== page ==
The Constitution. Let's Follow It.

Title X, Subtitle D of the National Defense Authorization Act is neither well-considered, nor do I think it’s Constitutional – even foreigners on American soil are entitled to basic Constitutional protections.

If the government uncovers an al Qaeda cell that plotting some attack on US citizens, it already has myriad tools at its disposal to detain and try the accused.

And that’s the key here – the NDAA doesn’t really call for trial. Indefinite detention and interrogation of people on American soil is a complete abrogation of the Constitution that ought not stand (given an apolitical Supreme Court).  I’m not one to jump on the “police state” bandwagon, because I’ve had the experience of actually spending extended periods of time living in one. But giving the military and police agencies the power to indefinitely detain people based on mere accusations and suspicions brings us ever-closer to an America where people are detained arbitrarily and capriciously based on denunciations and evidence which may not be adequate to convict someone in military or civilian court.

A decade of paranoia and a lousy economy aren’t making anyone any freer, and codifying the indefinite pretrial incarceration of enemy combatants on de jure American soil is contrary to our national interests.  The full text of the provisions in question is after the jump. Read more

Newt is the Palinists' Pick?

Only one person is quoted directly in Bob McCarthy’s weekly political column in this past Sunday’s Buffalo News. Also, Gingrich? Really? That’s the pick for the local Palinists?

Contracting the Economy Doesn't Grow It

American Conservatives have been agitating for what amounts to an austerity budget to address the debt and deficit, arguing that the economy will grow if finances are sound.  They have – and will continue to – hold the country hostage to their faith-based “tax cuts will solve everything” ideology.

That’s what British Prime Minister David Cameron’s government did, and the results have been an epic disaster. British society is fraying at the edges, mass layoffs have led to strikes, services on which people depend – and for which they pay – are suffering.

The austerity budget is fraying at the edges, amid strikes and protests over layoffs and rising fees. Growth has been slowing, despite Mr. Cameron’s insistence that businesses would pick up the pace when it became clear that the government’s finances were sound. And now Britain looks to be in an unusually poor position to defend its interests in Europe.

Members of the Labour opposition lost no time exploiting what they saw as Mr. Cameron’s weakness on the issue.

“Six weeks ago, he was promising his backbenchers a handbagging for Europe, and now he’s just reduced to hand-wringing,” the Labour leader, Ed Miliband, told Parliament, as his party members whooped their approval. “The problem for Britain is that at that most important European summit for a generation, that matters hugely for businesses up and down the country, the prime minister is simply left on the sidelines.”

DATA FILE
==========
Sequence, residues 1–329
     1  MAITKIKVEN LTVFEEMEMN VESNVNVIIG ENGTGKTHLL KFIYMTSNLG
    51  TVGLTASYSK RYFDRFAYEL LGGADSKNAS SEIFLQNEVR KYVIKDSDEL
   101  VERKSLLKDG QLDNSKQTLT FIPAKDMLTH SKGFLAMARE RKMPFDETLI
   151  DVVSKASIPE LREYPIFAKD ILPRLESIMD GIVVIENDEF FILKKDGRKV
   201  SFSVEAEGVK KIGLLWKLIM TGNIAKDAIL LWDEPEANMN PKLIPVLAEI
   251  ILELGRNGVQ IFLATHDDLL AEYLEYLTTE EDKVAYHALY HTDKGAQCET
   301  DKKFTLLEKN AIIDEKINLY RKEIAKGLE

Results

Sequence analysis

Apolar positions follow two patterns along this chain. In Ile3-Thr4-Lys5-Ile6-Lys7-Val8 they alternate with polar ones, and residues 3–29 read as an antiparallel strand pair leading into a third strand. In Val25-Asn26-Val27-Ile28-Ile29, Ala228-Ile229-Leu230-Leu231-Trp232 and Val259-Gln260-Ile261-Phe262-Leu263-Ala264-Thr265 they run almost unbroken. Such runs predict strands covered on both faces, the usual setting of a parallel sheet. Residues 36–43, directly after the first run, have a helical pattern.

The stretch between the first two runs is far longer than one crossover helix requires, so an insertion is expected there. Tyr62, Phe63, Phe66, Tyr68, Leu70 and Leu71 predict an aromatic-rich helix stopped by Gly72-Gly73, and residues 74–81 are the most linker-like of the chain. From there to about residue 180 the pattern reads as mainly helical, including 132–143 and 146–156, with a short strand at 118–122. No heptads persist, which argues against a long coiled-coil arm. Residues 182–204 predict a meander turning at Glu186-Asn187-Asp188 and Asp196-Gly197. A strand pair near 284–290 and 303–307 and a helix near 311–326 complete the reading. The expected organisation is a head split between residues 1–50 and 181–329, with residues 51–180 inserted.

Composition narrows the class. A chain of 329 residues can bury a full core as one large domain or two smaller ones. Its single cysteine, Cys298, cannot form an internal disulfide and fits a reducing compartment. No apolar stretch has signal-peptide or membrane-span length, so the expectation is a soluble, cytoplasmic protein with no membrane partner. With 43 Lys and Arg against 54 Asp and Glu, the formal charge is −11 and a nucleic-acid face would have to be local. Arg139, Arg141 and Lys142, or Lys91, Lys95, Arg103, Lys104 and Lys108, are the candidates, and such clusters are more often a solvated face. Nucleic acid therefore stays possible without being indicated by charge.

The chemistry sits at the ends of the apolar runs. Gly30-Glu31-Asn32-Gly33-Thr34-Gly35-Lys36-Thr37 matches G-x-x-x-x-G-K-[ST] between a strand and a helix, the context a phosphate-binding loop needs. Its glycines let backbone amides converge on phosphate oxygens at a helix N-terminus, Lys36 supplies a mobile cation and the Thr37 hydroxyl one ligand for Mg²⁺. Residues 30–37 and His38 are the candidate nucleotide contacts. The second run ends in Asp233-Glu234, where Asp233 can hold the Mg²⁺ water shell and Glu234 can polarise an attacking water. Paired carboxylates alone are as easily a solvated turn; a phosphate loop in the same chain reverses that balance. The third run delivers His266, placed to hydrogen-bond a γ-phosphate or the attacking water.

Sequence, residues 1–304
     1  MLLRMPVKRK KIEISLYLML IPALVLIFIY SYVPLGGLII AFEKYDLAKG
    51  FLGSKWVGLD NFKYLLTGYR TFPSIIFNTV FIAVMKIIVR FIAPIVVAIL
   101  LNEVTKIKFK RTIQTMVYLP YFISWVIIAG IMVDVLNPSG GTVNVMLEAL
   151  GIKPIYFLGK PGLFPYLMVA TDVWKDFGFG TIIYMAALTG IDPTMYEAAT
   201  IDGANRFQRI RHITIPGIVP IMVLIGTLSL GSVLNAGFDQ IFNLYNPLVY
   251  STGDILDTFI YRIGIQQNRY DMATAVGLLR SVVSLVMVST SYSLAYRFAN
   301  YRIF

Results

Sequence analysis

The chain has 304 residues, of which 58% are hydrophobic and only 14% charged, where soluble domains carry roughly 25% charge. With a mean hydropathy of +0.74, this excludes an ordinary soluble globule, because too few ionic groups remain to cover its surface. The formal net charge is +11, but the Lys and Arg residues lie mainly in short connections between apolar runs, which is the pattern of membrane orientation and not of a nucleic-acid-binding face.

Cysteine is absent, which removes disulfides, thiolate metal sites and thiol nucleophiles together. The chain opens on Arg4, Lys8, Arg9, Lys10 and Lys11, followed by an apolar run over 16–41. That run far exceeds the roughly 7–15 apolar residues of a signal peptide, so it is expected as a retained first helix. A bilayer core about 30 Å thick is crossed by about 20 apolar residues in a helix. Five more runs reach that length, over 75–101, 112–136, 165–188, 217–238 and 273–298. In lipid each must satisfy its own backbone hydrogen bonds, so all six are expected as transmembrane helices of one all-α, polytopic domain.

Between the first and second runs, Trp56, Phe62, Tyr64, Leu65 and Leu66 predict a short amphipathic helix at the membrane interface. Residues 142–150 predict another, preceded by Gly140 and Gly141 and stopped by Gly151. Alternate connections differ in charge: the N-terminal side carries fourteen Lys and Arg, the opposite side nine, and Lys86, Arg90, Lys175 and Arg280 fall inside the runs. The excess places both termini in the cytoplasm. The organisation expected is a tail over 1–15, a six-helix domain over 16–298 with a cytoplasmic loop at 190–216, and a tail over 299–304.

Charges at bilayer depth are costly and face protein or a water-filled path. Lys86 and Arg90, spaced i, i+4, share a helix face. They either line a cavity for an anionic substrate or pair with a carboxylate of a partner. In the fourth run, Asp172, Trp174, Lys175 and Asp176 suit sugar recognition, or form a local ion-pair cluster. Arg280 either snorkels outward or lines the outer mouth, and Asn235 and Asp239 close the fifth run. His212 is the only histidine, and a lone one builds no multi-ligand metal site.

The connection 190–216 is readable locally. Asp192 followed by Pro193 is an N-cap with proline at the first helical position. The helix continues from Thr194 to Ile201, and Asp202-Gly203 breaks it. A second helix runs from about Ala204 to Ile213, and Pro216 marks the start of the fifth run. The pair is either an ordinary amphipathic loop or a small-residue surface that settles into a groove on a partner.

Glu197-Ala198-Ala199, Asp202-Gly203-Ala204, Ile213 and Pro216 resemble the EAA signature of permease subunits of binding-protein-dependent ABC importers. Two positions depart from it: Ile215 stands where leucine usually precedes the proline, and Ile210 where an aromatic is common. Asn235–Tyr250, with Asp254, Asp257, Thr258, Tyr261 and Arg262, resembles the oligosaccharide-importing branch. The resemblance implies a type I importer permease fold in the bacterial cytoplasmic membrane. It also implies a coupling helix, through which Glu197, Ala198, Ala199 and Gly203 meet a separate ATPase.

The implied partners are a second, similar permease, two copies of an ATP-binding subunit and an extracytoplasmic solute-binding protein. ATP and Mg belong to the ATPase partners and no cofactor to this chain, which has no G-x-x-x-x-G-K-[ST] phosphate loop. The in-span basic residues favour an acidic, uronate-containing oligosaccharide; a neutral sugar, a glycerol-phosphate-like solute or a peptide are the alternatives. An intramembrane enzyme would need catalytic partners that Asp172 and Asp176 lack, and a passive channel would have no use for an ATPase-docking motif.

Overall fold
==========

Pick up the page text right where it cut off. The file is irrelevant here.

So maybe the whole austerity budget, abolishing Medicaid, privatizing Social Security and other Republican payoffs to their ultra-wealthy benefactors might not be what’s best to get the economy moving again.

Georgia Militia: Let's Rain Ricin on Washington

In 2009, the Department of Homeland Security issued a report warning of the risk to American lives from right-wing extremists.

The American Limbaughist commentariat blew a gasket, accusing the DHS of a sweeping indictment of all conservatives. Never mind that it was prepared during the Bush Administration.

Since that time, we’ve had a guy fly a plane into an IRS office, an abortion providing OB/GYN shot to death in Kansas, people shot by a neo-Nazi at the Holocaust Museum,  and many other acts of murder and mayhem perpetrated by the violent, extremist right wing in this country. The Southern Poverty Law Center has a comprehensive list.

The most recent one involved four old tea party / right wing / militia types who wanted to manufacture ricin and sprinkle it across the whole of Washington, DC to murder as many innocent men, women, and children as they could.

Is it isolated madmen doing this? Sure. But they’re fueled in part by anti-government rhetoric and other nihilist propaganda that comes from the American right nowadays. Charles Johnson of Little Green Footballs, a former ultra right-wing anti-jihadist type has had a complete re-awakening in recent years and now dedicates his time to exposing this type of rhetoric.